In the past, patients missing all of their teeth either wore a denture or if they could not tolerate a denture they would wear no teeth at all. Full dentures are a long-term solution for patients missing all of their teeth but they should be remade every 7 years as the bone beneath the dentures steadily shrinks away and thus the denture does not fit well. Dental implants can be used to stabilize a removable denture or they can even be used to support fixed teeth that are only removed by the dentist.

An example of a dental fixed bridge

Fixed Bridge

A fixed bridge is a connected set of replacement teeth. For support, it is cemented into position on top of the teeth adjacent to the empty space. The protective outer layer of these teeth is usually removed or ground down prior to attaching the bridge.

An sample of a removable retainer with a plastic tooth known as a flipper


A fragile, temporary and inexpensive solution is a removable plastic tooth with a plastic retainer, often called a “flipper”.

A depiction of a sturdy partial denture cast in metal and plastic

Metal Partial

A less fragile option is a removable partial denture cast in metal and plastic. It is held in place by wire clips. A removable partial denture can be removed and reinserted when required by the patient.

A representation of a full denture for the entire lower jaw


The most common solution, for people missing all teeth in one or both jaws are complete dentures. Some people adapt well to dentures. Others find them uncomfortable, even intolerable, because of differences in jaw size and shape.

A visual of a permanent dental implant to replace missing teeth

Dental Implants

Dental implants are the most comfortable and permanent solution. They form a strong foundation for teeth and keep the jaw healthy and strong. Implants support individual replacement teeth or secure specialized dentures in place. Unlike bridges, no healthy teeth are damaged. Unlike most bridges, implants can last a lifetime. Implant-supported replacement teeth can be attractive, stable, and comfortable for almost any patient.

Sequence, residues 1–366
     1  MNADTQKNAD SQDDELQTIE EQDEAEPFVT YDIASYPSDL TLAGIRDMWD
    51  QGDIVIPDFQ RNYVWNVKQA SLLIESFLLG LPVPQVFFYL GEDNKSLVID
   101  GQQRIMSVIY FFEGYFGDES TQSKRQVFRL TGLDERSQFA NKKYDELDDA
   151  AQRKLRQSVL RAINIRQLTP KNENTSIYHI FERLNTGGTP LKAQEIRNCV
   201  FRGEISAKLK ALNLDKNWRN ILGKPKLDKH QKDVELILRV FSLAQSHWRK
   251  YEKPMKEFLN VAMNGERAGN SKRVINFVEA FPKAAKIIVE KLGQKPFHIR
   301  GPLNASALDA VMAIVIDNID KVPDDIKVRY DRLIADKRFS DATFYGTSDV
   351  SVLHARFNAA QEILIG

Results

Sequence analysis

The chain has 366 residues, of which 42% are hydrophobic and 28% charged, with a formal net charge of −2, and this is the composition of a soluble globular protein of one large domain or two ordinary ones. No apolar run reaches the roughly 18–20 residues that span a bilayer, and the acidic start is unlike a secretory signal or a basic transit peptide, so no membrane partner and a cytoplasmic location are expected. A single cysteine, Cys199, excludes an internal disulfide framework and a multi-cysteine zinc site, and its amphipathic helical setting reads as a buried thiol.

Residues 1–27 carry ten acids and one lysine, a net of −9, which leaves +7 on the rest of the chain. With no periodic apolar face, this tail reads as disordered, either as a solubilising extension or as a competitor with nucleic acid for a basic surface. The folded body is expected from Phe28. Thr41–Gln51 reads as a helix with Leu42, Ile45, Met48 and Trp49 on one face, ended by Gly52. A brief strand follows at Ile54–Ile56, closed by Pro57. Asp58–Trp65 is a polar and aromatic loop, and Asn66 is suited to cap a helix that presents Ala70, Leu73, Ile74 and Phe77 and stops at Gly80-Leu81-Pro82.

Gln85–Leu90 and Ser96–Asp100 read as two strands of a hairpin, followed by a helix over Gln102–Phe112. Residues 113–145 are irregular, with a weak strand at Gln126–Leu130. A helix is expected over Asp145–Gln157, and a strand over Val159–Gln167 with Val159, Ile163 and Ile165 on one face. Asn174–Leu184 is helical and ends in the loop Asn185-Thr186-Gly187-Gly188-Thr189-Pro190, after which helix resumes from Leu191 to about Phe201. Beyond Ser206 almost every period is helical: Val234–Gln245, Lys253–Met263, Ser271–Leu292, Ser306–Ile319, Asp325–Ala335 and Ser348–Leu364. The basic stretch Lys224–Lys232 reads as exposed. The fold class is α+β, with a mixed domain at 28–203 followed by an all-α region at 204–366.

Why Select Dental Implants Over More Traditional Types Of Restorations?

There are several reasons to consider implants. If you are missing one or several teeth implants allow you to avoid removal of tooth structure on the adjacent teeth that is needed for a bridge. Teeth that are prepared for a bridge are often more susceptible to get dental decay under the bridge once the bridge is placed. Teeth that support a bridge are subject to much greater bite force with chewing, which could result in these teeth eventually breaking down. However there is still a role today for a dental bridge but it is case specific.

If you are missing all of your teeth dental implants help to preserve the bone in the area of the implants, whereas a denture facilitates continuous slow shrinkage of the bone and can cause loss of facial fullness or form. Dental implants can make a denture much more stable. Dental implants can eliminate the denture entirely with the use of fixed teeth that are only removed by the dentist. A dental implant supported restoration preserves the bone and thus facial fullness or form

Bone loss after tooth extraction

Loss of Facial Structure